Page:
For some consumers, adult beverages and marijuana go together like peanut butter and jelly. But as legal weed grows, Big Beer is looking for ways to recoup its losses to cannabusiness.
At first glance, the increased availability of legal marijuana appears to be doing quite a number on the beer business. Some of the nation’s biggest breweries have seen significant drops in sales as more and more Americans are, apparently, substituting pot for beer.
But while the likes of Anheuser-Busch InBev and MillerCoors are seeing short-term dips, a growing number of big beer’s biggest movers and shakers are also eyeing longer-term opportunities to hop from hops and barley into the cannabusiness.
As we reported previously, the country’s breweries, which have lost 10 percent of their market share to wine and hard liquor since 2006, have seen their profits plummet even more with the increased availability of legal marijuana.
According to industry data, sales of Coors Light and Miller Lite were down 3.6 percent and 1.6 percent last year, respectively, through the third quarter from a year earlier. In October, Molson Coors, MillerCoors' Denver-based parent company, reported that its domestic beer sales had dropped by nearly three percent during the previous quarter. As a whole, light beer sales dropped by 14 percent between 2010 and 2016 — a drop that researchers say will only continue.
"There's clear evidence that access to legal cannabis softens alcohol revenue," Vivien Azer, an analyst at equity research firm Cowen, told Crain’s.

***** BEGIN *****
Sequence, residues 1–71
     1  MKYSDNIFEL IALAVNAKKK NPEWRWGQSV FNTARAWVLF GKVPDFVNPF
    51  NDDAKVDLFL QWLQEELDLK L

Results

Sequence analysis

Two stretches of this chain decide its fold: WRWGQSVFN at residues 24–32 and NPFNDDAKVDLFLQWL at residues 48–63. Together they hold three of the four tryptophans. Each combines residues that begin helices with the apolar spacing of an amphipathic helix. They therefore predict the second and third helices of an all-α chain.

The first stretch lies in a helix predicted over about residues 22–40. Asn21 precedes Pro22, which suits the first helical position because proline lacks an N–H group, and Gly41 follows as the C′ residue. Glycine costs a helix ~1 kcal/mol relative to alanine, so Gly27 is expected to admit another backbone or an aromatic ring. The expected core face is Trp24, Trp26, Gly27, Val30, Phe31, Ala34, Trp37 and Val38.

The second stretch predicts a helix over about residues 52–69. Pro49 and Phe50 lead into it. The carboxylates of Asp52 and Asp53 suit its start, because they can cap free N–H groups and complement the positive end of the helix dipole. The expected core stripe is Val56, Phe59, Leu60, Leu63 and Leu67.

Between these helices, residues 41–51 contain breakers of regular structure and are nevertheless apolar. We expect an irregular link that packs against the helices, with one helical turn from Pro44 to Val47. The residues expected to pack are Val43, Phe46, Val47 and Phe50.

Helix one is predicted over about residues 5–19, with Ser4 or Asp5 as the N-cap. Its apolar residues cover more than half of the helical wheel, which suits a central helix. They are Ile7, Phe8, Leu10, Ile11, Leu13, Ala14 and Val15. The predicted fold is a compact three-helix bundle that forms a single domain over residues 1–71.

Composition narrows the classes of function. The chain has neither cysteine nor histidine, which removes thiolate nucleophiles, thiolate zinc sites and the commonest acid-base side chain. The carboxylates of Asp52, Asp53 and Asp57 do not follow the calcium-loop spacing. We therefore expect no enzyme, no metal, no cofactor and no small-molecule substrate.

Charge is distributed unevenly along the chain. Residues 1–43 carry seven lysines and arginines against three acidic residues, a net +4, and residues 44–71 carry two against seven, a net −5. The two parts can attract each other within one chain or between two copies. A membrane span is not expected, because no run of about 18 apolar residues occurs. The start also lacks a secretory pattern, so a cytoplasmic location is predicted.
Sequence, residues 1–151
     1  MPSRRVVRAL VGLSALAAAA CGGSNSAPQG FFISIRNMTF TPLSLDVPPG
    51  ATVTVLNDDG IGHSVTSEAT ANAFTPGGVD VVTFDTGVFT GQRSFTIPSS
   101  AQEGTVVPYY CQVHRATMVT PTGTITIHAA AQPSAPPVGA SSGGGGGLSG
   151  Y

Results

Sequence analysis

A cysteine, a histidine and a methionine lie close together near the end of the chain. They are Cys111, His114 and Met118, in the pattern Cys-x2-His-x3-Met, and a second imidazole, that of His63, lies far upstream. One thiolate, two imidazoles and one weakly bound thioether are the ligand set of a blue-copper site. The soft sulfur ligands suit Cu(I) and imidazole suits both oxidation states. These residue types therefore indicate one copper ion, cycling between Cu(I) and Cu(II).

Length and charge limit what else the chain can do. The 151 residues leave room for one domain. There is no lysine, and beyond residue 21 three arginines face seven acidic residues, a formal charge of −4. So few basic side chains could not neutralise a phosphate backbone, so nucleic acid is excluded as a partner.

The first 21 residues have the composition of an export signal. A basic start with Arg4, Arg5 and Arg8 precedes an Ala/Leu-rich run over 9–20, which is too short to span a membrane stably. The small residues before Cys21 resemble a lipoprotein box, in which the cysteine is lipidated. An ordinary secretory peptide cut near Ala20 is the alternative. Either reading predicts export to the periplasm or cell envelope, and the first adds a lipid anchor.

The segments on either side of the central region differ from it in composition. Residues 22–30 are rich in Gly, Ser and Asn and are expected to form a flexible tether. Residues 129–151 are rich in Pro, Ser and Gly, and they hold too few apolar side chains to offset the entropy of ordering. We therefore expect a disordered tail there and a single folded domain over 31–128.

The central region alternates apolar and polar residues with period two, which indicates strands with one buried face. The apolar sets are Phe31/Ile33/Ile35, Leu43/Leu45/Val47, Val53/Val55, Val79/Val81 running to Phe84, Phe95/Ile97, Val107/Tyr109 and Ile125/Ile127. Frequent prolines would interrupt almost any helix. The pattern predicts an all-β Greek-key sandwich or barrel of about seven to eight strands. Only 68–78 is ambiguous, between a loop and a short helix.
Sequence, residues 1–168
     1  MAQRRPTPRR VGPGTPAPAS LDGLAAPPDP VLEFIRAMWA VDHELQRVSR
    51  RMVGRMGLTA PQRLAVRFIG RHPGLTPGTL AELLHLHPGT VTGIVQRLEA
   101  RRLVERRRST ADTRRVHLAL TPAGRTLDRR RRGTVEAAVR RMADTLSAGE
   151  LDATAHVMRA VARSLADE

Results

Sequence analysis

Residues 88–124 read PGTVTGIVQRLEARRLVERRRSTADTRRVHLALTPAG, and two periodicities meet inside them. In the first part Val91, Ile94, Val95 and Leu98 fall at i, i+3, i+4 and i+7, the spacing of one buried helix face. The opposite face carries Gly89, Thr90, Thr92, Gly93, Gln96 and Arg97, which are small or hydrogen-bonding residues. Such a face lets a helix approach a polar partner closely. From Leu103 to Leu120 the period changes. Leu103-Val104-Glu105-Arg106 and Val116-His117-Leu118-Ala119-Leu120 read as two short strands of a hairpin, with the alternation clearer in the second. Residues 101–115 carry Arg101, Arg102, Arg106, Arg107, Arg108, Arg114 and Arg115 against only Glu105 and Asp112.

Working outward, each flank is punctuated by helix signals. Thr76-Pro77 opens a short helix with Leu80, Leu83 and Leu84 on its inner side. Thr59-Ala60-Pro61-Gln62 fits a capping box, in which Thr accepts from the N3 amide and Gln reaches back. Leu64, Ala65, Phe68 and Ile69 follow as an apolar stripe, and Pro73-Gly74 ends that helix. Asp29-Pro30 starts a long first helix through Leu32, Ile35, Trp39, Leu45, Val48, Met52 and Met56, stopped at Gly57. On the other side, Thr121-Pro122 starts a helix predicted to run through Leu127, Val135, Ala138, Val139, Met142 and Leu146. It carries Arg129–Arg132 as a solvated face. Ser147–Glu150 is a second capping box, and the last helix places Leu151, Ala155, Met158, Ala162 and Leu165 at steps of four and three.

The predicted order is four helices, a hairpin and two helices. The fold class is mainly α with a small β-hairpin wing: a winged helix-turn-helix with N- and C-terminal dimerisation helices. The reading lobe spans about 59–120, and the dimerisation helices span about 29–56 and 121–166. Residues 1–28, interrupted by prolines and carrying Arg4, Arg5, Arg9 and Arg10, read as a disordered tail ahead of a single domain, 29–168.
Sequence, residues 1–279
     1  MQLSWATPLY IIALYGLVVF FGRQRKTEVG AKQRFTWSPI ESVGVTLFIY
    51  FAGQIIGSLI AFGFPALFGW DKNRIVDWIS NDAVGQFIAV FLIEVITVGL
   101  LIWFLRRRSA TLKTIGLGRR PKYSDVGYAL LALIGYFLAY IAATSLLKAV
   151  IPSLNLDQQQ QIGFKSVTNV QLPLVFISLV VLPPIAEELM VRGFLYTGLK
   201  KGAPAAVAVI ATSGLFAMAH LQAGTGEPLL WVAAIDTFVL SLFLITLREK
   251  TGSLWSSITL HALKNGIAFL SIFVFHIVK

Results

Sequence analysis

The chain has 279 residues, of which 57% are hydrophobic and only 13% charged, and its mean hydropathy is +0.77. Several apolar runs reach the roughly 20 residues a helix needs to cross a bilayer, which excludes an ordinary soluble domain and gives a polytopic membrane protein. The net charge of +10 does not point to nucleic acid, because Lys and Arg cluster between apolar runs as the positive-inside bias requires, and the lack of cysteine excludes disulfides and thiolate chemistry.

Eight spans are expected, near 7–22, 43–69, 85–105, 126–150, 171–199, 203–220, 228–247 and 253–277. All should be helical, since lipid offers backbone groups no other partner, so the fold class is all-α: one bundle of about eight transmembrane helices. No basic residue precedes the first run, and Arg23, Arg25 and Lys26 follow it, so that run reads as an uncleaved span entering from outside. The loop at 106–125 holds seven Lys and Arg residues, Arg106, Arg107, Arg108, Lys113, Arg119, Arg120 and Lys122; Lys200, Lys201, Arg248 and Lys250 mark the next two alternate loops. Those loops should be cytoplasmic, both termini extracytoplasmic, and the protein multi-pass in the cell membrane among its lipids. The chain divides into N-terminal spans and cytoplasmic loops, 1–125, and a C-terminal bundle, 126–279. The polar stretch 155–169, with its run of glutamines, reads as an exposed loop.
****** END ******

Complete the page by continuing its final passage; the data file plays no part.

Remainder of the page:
Studies at the University of Connecticut and Georgia State University show that alcoholic beverage sales fell 15 percent after medical marijuana became legal in several states, and a recent report from Cannabiz Consumer Group indicates that 27 percent of beer drinkers say they have already swapped cannabis for beer, or would do so if pot was made legal in their state.
With legal marijuana becoming easier and easier to obtain across the nation, the nation’s breweries will have more and more difficulty trying to recoup sales. But instead of competing with the cannabusiness, more and more big names from world of big beer world are seizing big opportunities to invest in the cannabis space.
Here are just a few examples:
- Heineken is test marketing a marijuana-infused craft beer brand in California.
- A former marketing chief for Budweiser has co-founded Toast, which markets pre-rolled joints. He has also joined the advisory board of San Francisco-based startup GreenRush Group, which aims to become the Amazon of weed.
- Most recently, Constellation Brands — the country’s third-largest beer company — acquired a 9.9% stake in Canopy Growth, one of the biggest companies in the legal weed industry, to co-develop THC-infused beverages.
And the investment isn’t likely to end there.
According to Brett Cooper, an analyst at Consumer Edge Research in New York a lot of alcohol companies “are taking a serious look at the space.” Cooper told Crain’s that at a recent industry conference, "every single executive speech referenced the issue of marijuana's cannibalization of alcohol sales.”
“It's not a fringe issue anymore,” he says.